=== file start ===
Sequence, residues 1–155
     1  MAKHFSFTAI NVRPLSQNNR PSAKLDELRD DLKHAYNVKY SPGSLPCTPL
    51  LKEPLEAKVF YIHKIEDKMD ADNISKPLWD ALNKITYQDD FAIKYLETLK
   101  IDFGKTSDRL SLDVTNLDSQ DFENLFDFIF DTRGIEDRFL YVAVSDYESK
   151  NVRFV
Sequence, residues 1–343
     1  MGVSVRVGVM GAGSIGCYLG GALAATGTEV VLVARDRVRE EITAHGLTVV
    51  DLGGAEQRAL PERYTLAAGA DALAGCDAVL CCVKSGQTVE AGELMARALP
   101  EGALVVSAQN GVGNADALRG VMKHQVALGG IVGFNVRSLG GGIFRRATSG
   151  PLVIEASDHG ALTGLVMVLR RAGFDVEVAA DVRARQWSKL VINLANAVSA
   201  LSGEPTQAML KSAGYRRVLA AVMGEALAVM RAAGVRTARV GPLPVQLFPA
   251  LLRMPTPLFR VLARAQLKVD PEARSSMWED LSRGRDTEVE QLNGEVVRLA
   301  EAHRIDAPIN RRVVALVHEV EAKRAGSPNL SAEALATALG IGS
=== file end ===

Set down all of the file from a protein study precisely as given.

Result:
Sequence, residues 1–155
     1  MAKHFSFTAI NVRPLSQNNR PSAKLDELRD DLKHAYNVKY SPGSLPCTPL
    51  LKEPLEAKVF YIHKIEDKMD ADNISKPLWD ALNKITYQDD FAIKYLETLK
   101  IDFGKTSDRL SLDVTNLDSQ DFENLFDFIF DTRGIEDRFL YVAVSDYESK
   151  NVRFV
Sequence, residues 1–343
     1  MGVSVRVGVM GAGSIGCYLG GALAATGTEV VLVARDRVRE EITAHGLTVV
    51  DLGGAEQRAL PERYTLAAGA DALAGCDAVL CCVKSGQTVE AGELMARALP
   101  EGALVVSAQN GVGNADALRG VMKHQVALGG IVGFNVRSLG GGIFRRATSG
   151  PLVIEASDHG ALTGLVMVLR RAGFDVEVAA DVRARQWSKL VINLANAVSA
   201  LSGEPTQAML KSAGYRRVLA AVMGEALAVM RAAGVRTARV GPLPVQLFPA
   251  LLRMPTPLFR VLARAQLKVD PEARSSMWED LSRGRDTEVE QLNGEVVRLA
   301  EAHRIDAPIN RRVVALVHEV EAKRAGSPNL SAEALATALG IGS